Gabby Petito went missing in Wyoming. A report from the University of Wyoming found that 710 Indigenous people went missing in Wyoming within the last decade. America learned about none of these missing people. By September 19th, authorities found Gabby’s remains. Over the course of their search, they uncovered the bodies of nine other missing persons, many of whom were people of color. One of these women was Miya Marcano, a 19-year-old Black college student who went missing shortly after Gabby’s case made headlines—but America never heard about Miya. Had law enforcement prioritized Miya’s case, the outcome likely would have been different.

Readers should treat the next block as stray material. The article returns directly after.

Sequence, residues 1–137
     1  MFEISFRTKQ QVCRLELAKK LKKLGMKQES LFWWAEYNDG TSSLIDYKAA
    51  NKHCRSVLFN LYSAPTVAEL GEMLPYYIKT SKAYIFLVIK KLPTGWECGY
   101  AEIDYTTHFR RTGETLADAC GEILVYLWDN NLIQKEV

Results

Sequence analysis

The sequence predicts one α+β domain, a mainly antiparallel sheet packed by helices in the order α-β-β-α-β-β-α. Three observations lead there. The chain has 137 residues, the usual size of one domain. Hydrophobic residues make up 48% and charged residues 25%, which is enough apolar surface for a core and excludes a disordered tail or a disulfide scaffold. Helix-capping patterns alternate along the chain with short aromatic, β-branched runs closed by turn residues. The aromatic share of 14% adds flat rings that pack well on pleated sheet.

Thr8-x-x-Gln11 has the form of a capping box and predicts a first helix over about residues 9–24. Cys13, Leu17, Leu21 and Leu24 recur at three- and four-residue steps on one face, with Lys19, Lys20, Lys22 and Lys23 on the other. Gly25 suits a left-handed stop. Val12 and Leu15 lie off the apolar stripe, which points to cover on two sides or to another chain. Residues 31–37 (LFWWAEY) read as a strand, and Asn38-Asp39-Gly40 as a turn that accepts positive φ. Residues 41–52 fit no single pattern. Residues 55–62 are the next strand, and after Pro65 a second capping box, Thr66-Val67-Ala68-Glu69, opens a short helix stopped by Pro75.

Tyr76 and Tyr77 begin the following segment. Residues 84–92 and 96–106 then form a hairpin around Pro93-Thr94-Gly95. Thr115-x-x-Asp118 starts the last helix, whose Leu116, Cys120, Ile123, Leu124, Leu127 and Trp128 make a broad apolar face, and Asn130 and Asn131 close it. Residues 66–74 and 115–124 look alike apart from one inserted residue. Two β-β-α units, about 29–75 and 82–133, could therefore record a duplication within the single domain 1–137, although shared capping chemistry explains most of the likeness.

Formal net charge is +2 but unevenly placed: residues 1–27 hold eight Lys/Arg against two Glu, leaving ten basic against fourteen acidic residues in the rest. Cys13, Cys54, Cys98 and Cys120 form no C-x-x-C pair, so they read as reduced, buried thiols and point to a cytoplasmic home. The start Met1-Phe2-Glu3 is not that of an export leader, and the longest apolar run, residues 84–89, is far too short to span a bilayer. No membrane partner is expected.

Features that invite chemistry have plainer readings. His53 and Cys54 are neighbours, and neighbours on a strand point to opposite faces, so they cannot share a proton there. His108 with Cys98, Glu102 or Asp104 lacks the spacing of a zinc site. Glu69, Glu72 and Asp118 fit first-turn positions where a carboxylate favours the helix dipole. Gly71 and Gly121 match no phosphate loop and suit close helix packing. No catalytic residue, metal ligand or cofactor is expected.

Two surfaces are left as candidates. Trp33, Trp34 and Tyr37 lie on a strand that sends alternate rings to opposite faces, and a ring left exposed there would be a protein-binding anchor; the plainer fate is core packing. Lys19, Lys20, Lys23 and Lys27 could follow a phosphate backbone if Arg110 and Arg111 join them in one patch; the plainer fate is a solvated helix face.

There are several reasons the media fails to report the disappearances of women of color. First, America is captivated by the story of the young, beautiful white woman who has disappeared. According to Jean Murley, an English professor at Queensborough Community College, “it’s an aberration, and it becomes a container for things like the loss of innocence or the death of purity.” This symbolism is not applied to women of color. Second, white women are typically depicted as victims, while women of color are characterized as risk takers who are somehow complicit in their disappearances. Danielle Slakoff, an assistant professor at California State University, Sacramento, explained that “white victims tend to be portrayed as being in very safe environments, so it’s shocking that something like this could happen, whereas the Black and Latino victims are portrayed as being in unsafe environments, so basically normalizing victimization.” Third, newsrooms continue to be disproportionately white, and reporters tend to push stories that hit close to home. Fourth, a 2020 study published in the academic journal Journalism Practice, found that police are the driving force behind which cases get media attention, and police rarely push stories about women of color. A New York journalist explained, “our policy is, if it doesn’t come from the police, we’re not gonna put it on.” Because women of color who disappear are far more likely to be labeled “runaways,” law enforcement fails to allocate resources to these cases, and rarely reports these missing women to the media. And this problem does not stop with police misidentification! Even when a woman of color’s disappearance is undeniably suspicious, police who utilize the media worry that people might think the woman is “just another runaway.” Consequently, the stories are rarely published.